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Super Can Be Confusing, But What Happens If You Develop Dementia?

Superannuation can be confusing at the best of times for the average Australian. However, for those experiencing the effects of dementia, or living with those affected by it, access to their superannuation can become a financial issue of great magnitude.

Dementia is not a specific disease, but rather a term that describes symptoms associated with more than 100 different diseases characterised by the impairment of brain function. The most common type of dementia that is often encountered is Alzheimer’s disease.

It occurs more frequently in the elder demographic than in the younger population but is indiscriminate in who it affects. However, with an increasing number of people looking at accessing their superannuation, and a rise in the number of Australians impacted by Alzheimer’s disease or dementia, it’s best to be prepared with the knowledge of what you must do.

When it comes to your superannuation, if your circumstances mark you as an eligible applicant, you may be able to claim a lump sum from your superannuation’s fund’s total and permanent disability (TPD) insurance.

You may be under the assumption that to access the benefits from TPD, you need to have suffered an accident, a workplace injury or have a critical terminal illness. However, you can claim for TPD and monthly income protection benefits from your super fund if you have any type of long-term illness that affects your ability to do your job (including young-onset Alzheimer’s or dementia).

You should get total and permanent disablement from your life insurance provider for a broad range of early-onset Alzheimer’s disease or dementia-related symptoms, including significant permanent impairment, loss of independence, cognitive decline, and other mental health effects.

Your life insurance provider will consider several factors when deciding whether you’re eligible to make a claim, including:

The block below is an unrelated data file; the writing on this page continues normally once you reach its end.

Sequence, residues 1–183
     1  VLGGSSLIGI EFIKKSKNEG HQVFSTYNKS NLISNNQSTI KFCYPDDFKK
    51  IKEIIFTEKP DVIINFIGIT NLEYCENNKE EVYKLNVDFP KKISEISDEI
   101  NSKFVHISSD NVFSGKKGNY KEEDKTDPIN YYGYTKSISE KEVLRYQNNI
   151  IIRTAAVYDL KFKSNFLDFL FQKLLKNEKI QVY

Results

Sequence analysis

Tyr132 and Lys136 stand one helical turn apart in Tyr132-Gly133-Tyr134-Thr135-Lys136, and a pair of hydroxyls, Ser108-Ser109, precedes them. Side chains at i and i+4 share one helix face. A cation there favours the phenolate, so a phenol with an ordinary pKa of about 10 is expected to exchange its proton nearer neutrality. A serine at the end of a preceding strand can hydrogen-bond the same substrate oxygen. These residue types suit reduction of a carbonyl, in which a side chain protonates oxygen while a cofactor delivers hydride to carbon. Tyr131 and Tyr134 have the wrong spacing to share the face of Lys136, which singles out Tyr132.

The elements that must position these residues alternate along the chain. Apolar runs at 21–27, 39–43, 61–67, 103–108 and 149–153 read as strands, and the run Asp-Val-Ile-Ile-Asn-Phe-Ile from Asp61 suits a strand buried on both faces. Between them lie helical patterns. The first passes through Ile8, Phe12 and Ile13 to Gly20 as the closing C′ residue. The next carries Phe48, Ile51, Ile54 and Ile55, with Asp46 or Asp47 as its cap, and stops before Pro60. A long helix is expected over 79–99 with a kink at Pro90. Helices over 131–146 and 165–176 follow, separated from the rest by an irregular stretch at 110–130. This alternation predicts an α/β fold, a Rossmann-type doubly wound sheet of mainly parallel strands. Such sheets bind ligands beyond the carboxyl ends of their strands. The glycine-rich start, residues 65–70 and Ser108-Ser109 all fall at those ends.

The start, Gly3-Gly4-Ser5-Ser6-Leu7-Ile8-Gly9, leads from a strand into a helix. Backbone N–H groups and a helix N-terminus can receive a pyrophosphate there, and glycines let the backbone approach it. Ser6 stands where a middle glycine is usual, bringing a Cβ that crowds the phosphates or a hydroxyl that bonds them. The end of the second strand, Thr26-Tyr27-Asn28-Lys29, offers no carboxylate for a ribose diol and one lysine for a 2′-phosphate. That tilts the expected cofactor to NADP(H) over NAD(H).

• Whether your claim can be supported by a doctor or medical specialist.
  • Whether you’re receiving any treatment for dementia or Alzheimer’s disease, and the frequency of this treatment.
  • Whether your early-onset Alzheimer’s disease can be considered permanent.
  • How your capacity to work has been impaired or will be impaired by your symptoms as your disease progresses.
  • Whether you may be able to take on an adjusted job role or work in a new career.

If you successfully claim TPD insurance for early-onset Alzheimer’s or dementia, you should be given early access to your super. This money will be paid in a lump sum and will cover your day-to-day costs for the rest of your life. The amount of money you receive will depend on your specific circumstances.

What About If An SMSF Trustee Is Affected By Dementia/Alzheimer’s? 

In the case of an SMSF, legally, the loss of mental capacity for a trustee of an SMSF means that they can no longer make decisions as a trustee of the fund. The critical period for an SMSF is the time prior to diagnosis when the trustee may be making or not making decisions that would be in the best interest of the members of the fund.

There are four options that the trustees of this SMSF have:

  • They can retain the SMSF and appoint additional trustees to the fund who share trustee responsibility as they age (which would typically occur with adult children joining the fund).
  • The trustees of the SMSF can appoint an individual to take on trustee responsibility on his behalf under an enduring power of attorney.